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The Gasoline Glut Is Almost Gone

Gasoline

Friday July 21, 2016

In the latest edition of the Numbers Report, we’ll take a look at some of the most interesting figures put out this week in the energy sector. Each week we’ll dig into some data and provide a bit of explanation on what drives the numbers.

Let’s take a look.

1. Gasoline inventories back in long-run average

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- U.S. gasoline stocks spiked in early 2016, one factor that led to the precipitous decline in prices.
- Stocks have remained mostly elevated since then, but more recently, strong drawdowns have erased the excess.
- Over the past three weeks, gasoline stocks have plunged by nearly 10 million barrels, putting current stocks not just back into the five-year average, but close to the 10-year average.
- Gasoline inventories now stand at roughly 231 million barrels, or about 24 days’ worth of supply.
- Much of the recent drawdowns can be attributed to a surge in exports to Latin America, while imports have also dipped.
- Combined with the recent drawdown in crude oil inventories, the more balanced gasoline supply situation is creating a sense of a tightening market. It is no coincidence that Brent hit $50 per barrel on Thursday for the first time since early June.

2. Clean energy performing better than coal and even S&P

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- The WilderHill Clean Energy Index, an index of 40 publicly-traded solar and wind companies, is up 20 percent so far this year, far outpacing a leading coal index, despite supportive U.S. government policy.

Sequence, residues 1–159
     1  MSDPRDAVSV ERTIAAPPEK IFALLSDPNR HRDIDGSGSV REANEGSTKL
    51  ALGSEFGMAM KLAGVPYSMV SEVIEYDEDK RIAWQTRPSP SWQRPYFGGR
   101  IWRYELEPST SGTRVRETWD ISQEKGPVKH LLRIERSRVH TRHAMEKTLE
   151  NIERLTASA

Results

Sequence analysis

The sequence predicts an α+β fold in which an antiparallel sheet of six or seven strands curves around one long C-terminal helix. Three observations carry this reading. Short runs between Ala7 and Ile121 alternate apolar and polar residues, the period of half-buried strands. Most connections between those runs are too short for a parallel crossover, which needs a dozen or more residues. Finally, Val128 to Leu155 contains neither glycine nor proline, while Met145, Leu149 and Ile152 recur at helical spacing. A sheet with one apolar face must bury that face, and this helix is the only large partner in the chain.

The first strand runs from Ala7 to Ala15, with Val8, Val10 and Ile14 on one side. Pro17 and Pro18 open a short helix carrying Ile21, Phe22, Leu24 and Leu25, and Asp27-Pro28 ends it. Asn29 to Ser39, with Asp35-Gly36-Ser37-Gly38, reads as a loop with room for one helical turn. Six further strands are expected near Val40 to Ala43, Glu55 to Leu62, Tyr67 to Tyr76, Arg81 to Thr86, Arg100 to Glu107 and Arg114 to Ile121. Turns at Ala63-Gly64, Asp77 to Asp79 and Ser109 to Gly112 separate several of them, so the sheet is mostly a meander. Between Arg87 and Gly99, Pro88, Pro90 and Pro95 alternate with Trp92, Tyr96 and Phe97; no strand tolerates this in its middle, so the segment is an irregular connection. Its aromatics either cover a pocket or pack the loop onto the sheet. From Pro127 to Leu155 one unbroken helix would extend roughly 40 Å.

- The clean energy index is also up more than double the broader S&P 500, which has gained 9.8 percent.
- U.S. investment into clean energy hit $14.7 billion between April and June, a surge of 51 percent quarter-on-quarter, according to Bloomberg New Energy Finance.
- “We are seeing catalysts for these markets driven by the fact that people increasingly realize clean energy is more profitable than conventional energy,” David Richardson, an executive director at Impax Asset Management, told Bloomberg.

3. Flat inventories this year, growth in 2018

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The EIA forecasts WTI will average $49 per barrel in 2017 and $51 in 2018.
- The agency said in its latest monthly report that the upside to prices could be limited because shale companies have locked in future production already, offering some level of certainty that more oil will be produced.
- Inventories will be relatively unchanged in the second half of 2017, despite OPEC’s best efforts.
- That puts a lot of stress on the OPEC deal, which is set to expire in 2018. The group has aimed to bring down oil inventories to average levels, a feat that will be difficult to pull off.
- The EIA says inventories will grow by an average of 0.2 million barrels per day in 2018, although that assumes no extension of the OPEC agreement beyond the first quarter of next year.

4. American crude becomes competitive in Asia

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- Due to the OPEC cuts, the supply of medium-grade sulfurous sour crude – the type that comes from much of the Middle East – is in shorter supply. The Dubai benchmark, as a result, has climbed against the American benchmark, WTI.